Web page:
Political scenarios would be ludicrous if played out in any other arena, but the African political scene is never without its antics. Uganda's constitution may be changed to remove the Presidential age limit and give current President Museveni a chance to be President for Life.
A motion to amend the Ugandan Constitution to remove the presidential age limit was unanimously backed by Members of Uganda's ruling National Resistance Movement. A step that may ensure that 72 year old President Yoweri Museveni can run for re-election in 2021 and consequent elections that could well turn him into a "president for life" like his counterpart President Robert Mugabe.
This was the second attempt to make the change. The first effort in a "Private members Bill" by Nakifuma County MP Robert Kafeero was dismissed by Speaker of Parliament Rebecca Kadaga who ruled that the debate was unmerited at the time.
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Simeo Nsubuga, a legislator from Museveni's ruling National Resistance Movement (NRM) party, told Reuters the move to amend the constitution was agreed in a special meeting of the party's House members.
"We had agreed that a private member should come up with a constitutional amendment bill to remove the age limit," Nsubuga said.
Since then, Members of Museveni's party and State House staff have been engaged in low-key, but intense mobilization for the amendment. Resolutions from Kisoro, a remote district on Uganda's border with Rwanda and the DR Congo, Mbarara, the main city of the Ankole sub-region, and a demonstration in Arua District, the headquarters of the West Nile sub-region supporting the lifting of the age limit, passed peacefully with police protection in a country where political gatherings, mainly for opposition activists, have often been violently broken up by the security agencies.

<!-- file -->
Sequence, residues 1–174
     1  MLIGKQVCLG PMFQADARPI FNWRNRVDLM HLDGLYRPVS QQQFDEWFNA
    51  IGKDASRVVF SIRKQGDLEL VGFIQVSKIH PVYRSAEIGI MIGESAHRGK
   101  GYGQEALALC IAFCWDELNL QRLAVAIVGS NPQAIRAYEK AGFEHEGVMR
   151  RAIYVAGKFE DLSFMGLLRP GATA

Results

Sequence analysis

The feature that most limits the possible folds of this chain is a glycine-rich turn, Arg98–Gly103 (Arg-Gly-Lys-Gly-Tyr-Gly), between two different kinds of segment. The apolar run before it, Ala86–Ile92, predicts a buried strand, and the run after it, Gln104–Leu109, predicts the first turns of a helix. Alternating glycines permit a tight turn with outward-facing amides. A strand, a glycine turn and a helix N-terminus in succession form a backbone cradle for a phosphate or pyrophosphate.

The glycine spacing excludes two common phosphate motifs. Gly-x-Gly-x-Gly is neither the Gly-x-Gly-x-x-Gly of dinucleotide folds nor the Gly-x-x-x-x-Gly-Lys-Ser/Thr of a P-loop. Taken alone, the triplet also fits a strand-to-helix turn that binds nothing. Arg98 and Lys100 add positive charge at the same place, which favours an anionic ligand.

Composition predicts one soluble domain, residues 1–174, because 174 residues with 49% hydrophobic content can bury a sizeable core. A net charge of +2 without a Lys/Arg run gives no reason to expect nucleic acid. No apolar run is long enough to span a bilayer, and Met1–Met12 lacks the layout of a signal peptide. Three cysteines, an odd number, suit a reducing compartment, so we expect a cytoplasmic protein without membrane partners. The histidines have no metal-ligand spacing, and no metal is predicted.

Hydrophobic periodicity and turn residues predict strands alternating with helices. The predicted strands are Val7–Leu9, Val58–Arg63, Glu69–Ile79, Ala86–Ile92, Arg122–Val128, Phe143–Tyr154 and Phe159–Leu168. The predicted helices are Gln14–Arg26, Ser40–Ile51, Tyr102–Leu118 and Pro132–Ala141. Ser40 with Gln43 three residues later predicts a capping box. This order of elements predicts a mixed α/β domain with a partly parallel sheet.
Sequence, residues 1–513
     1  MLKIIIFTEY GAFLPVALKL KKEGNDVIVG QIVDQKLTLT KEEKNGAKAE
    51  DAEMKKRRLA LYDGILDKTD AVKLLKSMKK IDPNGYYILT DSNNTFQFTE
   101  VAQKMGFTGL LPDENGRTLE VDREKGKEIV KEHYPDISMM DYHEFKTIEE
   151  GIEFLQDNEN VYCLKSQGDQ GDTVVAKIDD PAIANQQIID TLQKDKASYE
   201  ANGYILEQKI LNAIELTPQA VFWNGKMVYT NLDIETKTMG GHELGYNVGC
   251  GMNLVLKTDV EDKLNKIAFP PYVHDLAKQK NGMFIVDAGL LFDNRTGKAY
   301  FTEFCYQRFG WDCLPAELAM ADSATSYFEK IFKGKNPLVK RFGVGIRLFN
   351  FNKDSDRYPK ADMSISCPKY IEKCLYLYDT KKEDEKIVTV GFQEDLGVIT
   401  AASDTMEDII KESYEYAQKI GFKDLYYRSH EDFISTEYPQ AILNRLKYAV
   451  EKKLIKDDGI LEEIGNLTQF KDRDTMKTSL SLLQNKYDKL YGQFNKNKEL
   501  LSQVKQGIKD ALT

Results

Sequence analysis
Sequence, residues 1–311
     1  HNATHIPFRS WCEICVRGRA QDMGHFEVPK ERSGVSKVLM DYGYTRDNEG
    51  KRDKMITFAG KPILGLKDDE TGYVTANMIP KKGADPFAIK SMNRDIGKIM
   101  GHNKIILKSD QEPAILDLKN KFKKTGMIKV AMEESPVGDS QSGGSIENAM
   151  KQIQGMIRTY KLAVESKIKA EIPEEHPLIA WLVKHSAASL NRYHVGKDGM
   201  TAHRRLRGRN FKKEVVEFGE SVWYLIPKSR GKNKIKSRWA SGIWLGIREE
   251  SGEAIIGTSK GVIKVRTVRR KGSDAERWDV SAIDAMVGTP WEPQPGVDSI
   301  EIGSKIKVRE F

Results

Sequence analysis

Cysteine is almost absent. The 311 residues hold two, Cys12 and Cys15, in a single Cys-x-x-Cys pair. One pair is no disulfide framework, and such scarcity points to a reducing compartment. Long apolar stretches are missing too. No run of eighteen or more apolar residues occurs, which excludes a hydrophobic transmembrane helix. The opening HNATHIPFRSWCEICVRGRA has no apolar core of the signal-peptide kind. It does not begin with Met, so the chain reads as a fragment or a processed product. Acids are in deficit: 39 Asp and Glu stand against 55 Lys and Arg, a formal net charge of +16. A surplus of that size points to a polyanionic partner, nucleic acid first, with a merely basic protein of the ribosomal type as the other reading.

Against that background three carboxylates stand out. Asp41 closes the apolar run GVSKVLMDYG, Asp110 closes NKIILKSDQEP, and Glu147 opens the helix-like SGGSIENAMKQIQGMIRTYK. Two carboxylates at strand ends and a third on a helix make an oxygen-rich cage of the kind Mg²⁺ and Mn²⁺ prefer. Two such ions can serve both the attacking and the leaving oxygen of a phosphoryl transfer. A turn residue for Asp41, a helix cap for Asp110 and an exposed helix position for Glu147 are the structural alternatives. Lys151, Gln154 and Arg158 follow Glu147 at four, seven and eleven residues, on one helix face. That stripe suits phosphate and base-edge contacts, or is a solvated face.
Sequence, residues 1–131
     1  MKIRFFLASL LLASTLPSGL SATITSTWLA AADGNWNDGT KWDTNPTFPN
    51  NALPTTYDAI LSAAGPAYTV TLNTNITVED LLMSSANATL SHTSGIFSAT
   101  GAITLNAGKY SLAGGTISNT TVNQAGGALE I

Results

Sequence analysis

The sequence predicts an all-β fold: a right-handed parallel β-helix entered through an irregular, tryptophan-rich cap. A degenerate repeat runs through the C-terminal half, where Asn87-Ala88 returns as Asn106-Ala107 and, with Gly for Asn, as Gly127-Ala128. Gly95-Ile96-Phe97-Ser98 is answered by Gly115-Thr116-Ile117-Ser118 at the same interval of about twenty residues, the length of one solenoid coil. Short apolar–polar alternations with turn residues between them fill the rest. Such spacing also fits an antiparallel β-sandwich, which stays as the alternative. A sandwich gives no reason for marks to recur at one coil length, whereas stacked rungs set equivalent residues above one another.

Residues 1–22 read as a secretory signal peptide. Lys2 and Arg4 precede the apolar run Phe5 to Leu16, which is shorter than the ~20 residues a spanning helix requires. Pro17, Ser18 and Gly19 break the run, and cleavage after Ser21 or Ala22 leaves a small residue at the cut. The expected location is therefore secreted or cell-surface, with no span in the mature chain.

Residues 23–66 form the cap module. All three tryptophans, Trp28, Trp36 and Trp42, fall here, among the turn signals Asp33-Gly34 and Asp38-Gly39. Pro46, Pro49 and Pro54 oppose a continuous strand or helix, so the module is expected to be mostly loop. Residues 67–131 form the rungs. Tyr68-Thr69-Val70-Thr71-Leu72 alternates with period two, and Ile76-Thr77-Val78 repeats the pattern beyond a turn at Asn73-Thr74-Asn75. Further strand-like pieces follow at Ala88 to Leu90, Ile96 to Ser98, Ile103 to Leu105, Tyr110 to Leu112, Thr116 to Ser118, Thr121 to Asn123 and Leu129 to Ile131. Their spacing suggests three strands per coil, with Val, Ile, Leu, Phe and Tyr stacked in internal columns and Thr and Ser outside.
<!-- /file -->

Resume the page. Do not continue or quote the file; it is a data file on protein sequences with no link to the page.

Selfish Constitutional changes
If the motion is successful, this will be the second major change to Uganda's 20-year-old Constitution, which will directly favour President Museveni's interests when he is already one of Africa's longest-serving rulers. Museveni has been in charge for more than three decades.
The first was in 2005, when an amendment was passed to remove term limits at the end of President Museveni's two elective terms. Museveni who got in to power in 1986 after a five-year guerrilla war, ran the country un-elected for 10 years before presenting himself as a civilian in the 1996 elections under the individual merit movement system.
Then in 2006, President Museveni returned as candidate for the National Resistance Movement, which had been registered as a political party after the ban on parties was lifted.
President Museveni who was initially, praised for helping restore stability after two dictators known for torture, extrajudicial executions and directing the suppression of a brutal insurgency known for mutilating civilians and kidnapping children has over the years, met criticism over the mounting suppression of the political opposition, widespread corruption and a poor human rights record. He may despite all this and should the constitution change become another President for Life.